The Museum Transformed: Design and Culture in the Post-Pompidou Age

Douglas Davis, Author, Jack Long, Foreword by, Jack Lang, Designed by Abbeville Press $29.98 (238p) ISBN 978-1-55859-064-9
Opposing the established image of the museum as a treasure house or palace of culture, the idea of a museum as ``anti-palace'' won ground with the 1977 opening in Paris of the Pompidou Center, a steel-and-glass skeleton which many saw as a desanctification of art. In a tour de force of cultural interpretation, Newsweek architecture critic Davis examines the transformation of the contemporary museum, ranging from I. M. Pei's pristine pyramid astride the Louvre to the museum as populist symbol, e.g., the Dallas Museum of Art. The ``non-style style,'' born in low-rent, artist-managed alternative spaces, blossomed in the Dia Foundation in Manhattan and in 98-A Boundary Road, British media-magnate Charles Saatchi's London warehouse devoted to minimalism and neo-expressionism. Davis detects a recent countermovement back to cloistered ``palace'' ideals, as exemplified in Richard Meier's ``self-ennobling'' High Museum in Atlanta. More than 200 illustrations (half in color) accompany the text. (Oct.)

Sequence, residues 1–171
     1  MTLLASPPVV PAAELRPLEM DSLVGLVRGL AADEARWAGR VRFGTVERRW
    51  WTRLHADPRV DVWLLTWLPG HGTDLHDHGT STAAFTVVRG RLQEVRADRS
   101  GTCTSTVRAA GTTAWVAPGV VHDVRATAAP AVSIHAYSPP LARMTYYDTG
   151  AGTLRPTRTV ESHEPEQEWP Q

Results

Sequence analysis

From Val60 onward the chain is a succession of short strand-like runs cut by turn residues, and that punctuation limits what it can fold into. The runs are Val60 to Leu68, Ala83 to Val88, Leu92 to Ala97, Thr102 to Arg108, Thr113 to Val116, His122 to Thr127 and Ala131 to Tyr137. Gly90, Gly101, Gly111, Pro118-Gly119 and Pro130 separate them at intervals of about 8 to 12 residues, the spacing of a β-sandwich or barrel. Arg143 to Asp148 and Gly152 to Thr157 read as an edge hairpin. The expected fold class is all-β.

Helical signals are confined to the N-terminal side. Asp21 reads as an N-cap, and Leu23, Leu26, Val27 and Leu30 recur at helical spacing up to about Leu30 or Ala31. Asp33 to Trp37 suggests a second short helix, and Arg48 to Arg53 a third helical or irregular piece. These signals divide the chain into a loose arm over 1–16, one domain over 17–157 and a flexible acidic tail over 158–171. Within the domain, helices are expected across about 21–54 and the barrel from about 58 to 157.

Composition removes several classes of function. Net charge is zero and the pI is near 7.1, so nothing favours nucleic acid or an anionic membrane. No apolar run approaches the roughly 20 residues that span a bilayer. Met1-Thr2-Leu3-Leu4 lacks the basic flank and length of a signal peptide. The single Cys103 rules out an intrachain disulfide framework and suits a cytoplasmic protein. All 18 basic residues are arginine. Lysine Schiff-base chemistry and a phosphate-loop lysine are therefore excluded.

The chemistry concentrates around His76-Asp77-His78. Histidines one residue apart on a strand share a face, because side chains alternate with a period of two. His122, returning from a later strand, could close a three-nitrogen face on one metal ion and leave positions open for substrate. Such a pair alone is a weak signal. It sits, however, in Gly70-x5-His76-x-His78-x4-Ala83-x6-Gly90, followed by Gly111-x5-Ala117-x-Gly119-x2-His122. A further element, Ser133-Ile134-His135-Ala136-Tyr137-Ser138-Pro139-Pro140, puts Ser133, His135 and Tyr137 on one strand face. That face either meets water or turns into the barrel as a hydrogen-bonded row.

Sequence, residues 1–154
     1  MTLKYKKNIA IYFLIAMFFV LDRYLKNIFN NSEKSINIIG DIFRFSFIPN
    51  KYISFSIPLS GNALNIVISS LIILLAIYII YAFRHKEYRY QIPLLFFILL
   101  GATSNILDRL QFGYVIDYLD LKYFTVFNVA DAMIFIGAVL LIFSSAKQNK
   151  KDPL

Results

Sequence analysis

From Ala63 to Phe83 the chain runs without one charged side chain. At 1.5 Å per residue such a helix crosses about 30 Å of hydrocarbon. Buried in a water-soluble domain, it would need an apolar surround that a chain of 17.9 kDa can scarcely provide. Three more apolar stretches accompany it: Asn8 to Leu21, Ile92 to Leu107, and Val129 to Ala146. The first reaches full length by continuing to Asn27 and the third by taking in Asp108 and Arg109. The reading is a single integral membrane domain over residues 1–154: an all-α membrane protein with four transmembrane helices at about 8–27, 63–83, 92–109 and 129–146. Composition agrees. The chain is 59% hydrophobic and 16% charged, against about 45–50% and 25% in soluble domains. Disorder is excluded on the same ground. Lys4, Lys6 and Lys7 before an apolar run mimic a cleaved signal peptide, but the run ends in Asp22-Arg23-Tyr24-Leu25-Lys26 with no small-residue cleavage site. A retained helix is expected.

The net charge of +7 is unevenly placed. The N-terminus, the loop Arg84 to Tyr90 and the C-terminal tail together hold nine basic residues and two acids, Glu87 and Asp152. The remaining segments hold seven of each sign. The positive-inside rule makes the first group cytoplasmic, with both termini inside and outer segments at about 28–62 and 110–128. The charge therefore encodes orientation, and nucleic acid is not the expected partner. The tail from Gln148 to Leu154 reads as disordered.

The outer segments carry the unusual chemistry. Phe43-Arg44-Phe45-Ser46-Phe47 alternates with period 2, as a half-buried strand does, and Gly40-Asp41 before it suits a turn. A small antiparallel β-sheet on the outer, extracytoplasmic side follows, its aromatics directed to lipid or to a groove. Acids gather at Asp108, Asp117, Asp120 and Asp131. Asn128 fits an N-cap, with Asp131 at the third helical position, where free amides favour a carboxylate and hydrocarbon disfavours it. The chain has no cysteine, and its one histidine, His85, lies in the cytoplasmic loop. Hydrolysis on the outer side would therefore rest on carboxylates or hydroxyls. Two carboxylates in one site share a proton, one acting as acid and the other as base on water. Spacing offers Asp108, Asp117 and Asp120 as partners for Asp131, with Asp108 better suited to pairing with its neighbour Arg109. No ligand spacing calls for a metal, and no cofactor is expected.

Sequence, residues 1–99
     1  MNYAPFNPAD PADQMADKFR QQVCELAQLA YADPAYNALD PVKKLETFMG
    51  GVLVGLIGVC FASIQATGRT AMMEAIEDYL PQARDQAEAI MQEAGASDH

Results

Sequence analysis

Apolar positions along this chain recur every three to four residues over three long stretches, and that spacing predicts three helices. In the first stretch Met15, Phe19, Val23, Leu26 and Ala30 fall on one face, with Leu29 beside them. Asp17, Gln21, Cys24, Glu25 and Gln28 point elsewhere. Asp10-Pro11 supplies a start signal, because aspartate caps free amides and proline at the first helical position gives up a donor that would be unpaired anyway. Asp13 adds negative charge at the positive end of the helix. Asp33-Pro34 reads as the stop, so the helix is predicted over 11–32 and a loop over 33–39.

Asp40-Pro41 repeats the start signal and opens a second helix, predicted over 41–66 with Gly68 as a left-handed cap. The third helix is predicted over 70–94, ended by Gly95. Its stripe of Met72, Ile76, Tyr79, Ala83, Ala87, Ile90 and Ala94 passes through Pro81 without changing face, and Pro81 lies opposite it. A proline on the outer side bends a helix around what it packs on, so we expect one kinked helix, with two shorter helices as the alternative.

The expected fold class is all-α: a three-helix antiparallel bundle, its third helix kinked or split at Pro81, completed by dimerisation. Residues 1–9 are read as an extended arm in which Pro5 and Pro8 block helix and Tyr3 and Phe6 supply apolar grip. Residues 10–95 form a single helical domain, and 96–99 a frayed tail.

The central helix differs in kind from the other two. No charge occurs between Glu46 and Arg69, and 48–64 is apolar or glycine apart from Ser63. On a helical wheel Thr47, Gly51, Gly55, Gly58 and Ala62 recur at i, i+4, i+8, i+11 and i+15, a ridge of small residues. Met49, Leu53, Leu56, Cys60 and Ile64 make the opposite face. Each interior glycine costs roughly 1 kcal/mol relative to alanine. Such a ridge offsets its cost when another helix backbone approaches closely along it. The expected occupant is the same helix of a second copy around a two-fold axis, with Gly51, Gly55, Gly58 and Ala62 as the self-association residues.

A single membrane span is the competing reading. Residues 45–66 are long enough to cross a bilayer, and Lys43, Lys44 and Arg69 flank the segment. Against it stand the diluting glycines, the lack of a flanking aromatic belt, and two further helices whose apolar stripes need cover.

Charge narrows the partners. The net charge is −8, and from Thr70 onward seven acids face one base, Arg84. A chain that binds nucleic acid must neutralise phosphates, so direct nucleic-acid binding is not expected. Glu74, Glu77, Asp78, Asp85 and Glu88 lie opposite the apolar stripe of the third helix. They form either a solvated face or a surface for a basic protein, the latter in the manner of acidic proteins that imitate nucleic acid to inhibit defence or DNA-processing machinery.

Reviewed on: 08/29/1990
Release date: 09/01/1990
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